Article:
On June 27, 2014, the Executive Board of the International Monetary Fund (IMF) concluded the Article IV consultation1 with the Russian Federation.
The growth slowdown that began in 2011, reflecting structural constraints, continued in 2013 despite accommodative policies. Real GDP growth slowed to 1.3 percent due to a contraction in investment while consumption remained robust owing to strong real wage growth and an unsecured consumer credit boom. The general government balance moved from a modest surplus in 2012 to a deficit of slightly more than 1 percent of GDP in 2013. The Central Bank of the Russian Federation (CBR) kept its policy rates constant until March 2014 despite above-target inflation.
More recently, geopolitical tensions have brought the Russian economy to a standstill. Staff projects real GDP growth at 0.2 percent in 2014 with considerable downside risks. Concerns about sanctions so far, as well as the threat of additional sanctions in the future, following Russia's actions in Crimea, have increased the uncertainty of doing business in Russia and are having a chilling effect on investment. Capital outflows could reach US$100 billion in 2014. Consumption will remain the main growth driver in 2014 while net exports are also expected to support growth as imports weaken. A slight recovery in growth to 1 percent is projected in 2015, on the back of stronger exports and stabilization of investment. Despite the economic slowdown, inflation is expected to remain well above the CBR’s target due to the recent exchange rate depreciation.
Fiscal policy is being tightened. However, the non-oil deficit will remain high, highlighting Russia’s reliance on revenues from exhaustible resources. The Reserve Fund balance has increased but remains well short of the government’s 7 percent of GDP target.
The CBR raised policy rates by 1½ percentage points in early March and a further ½ percentage point in April and reduced exchange rate flexibility in response to the onset of geopolitical tensions. The CBR also increased to US$1.5 billion the cumulative interventions required to move the exchange rate corridor, lowering the flexibility of its FX rule. The discretionary policies followed by the authorities helped contain the heightened currency and liquidity stress. By the end of May, as the exchange rate traded firmly in the non-intervention zone, the CBR took steps to allow more exchange rate flexibility.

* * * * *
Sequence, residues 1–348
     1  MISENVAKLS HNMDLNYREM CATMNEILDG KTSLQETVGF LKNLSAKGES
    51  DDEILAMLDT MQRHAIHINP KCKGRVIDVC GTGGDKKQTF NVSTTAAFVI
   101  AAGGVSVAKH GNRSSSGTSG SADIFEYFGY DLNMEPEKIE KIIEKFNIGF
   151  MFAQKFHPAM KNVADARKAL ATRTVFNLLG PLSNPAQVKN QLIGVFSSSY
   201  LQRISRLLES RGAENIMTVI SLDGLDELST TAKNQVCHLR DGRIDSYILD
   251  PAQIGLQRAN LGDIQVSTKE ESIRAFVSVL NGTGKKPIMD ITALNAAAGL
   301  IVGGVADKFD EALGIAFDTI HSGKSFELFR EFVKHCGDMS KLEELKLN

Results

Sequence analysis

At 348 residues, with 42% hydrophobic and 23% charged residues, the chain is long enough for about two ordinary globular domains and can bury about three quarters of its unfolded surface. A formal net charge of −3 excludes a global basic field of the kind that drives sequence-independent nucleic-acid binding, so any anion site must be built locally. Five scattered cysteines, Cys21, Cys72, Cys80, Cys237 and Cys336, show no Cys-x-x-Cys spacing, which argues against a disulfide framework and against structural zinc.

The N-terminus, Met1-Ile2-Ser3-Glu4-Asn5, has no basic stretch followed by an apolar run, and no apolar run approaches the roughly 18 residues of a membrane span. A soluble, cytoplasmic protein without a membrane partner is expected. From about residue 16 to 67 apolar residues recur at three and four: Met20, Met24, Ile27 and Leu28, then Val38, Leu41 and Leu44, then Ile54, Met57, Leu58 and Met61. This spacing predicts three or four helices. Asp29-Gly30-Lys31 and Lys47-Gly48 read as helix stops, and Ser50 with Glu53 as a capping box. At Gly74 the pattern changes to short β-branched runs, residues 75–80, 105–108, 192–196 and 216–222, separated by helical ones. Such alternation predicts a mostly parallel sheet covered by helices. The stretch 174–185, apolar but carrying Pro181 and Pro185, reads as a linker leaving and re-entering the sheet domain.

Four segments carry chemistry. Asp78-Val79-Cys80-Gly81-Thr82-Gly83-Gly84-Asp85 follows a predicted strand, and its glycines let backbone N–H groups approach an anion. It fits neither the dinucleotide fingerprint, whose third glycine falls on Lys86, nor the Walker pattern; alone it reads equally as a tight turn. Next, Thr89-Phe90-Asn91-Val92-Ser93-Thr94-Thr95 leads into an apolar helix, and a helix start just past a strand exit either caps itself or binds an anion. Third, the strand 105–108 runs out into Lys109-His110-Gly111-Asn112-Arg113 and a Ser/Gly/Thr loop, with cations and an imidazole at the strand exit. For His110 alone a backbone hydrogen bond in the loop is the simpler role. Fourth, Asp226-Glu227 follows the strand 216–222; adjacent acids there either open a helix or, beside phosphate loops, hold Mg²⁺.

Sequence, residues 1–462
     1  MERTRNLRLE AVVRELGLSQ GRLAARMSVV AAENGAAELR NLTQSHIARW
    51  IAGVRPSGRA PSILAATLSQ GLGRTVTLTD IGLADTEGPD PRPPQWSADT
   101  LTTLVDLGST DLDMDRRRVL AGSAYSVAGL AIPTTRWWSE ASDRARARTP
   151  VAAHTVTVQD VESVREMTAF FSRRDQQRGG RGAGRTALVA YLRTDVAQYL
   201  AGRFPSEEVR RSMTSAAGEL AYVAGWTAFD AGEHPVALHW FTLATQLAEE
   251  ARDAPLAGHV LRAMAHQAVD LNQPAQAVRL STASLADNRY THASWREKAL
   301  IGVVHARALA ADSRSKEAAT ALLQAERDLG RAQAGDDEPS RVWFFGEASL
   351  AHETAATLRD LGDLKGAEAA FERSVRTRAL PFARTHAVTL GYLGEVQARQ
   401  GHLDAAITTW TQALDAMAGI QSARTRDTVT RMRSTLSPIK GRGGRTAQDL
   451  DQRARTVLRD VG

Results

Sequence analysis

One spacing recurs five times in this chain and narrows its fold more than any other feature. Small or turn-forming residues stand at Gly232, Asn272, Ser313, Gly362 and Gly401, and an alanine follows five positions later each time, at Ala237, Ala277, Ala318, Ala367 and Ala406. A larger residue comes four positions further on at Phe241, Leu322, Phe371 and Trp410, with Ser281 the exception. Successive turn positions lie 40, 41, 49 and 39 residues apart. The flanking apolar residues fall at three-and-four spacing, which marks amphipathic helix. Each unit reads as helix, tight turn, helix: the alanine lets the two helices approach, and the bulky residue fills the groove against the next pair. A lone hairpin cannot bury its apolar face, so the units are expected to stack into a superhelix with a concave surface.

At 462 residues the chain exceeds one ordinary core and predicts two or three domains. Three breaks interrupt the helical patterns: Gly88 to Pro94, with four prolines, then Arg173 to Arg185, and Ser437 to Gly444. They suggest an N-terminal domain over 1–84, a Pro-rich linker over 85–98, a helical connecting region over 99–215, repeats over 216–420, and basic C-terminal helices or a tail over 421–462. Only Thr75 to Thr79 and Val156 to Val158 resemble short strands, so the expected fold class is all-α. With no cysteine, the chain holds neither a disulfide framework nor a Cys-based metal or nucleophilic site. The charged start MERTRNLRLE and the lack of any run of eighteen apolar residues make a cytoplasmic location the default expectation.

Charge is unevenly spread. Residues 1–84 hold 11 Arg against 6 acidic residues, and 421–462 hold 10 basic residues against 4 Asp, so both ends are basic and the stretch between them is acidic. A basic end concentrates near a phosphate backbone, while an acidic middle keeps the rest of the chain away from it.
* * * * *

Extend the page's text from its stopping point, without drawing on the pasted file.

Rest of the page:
The banking system remains broadly stable amid a gradual slowdown of unsecured retail credit growth and a stepping-up of bank oversight. Non-performing loans ratio has remained relatively constant. Capital adequacy ratio has been stable and remains above the statutory minimum. The banking system has moved from a negative to a positive net foreign asset position, limiting aggregate currency mismatch.
Executive Board Assessment2
Executive Directors noted that despite accommodative policies, the Russian economy continues to experience a slowdown, reflecting mainly structural factors. Directors agreed that, with the economy operating close to its full potential, Russia’s growth model based on energy exports with increasing oil prices and use of spare capacity is no longer reliable and that there is need to move to a new model.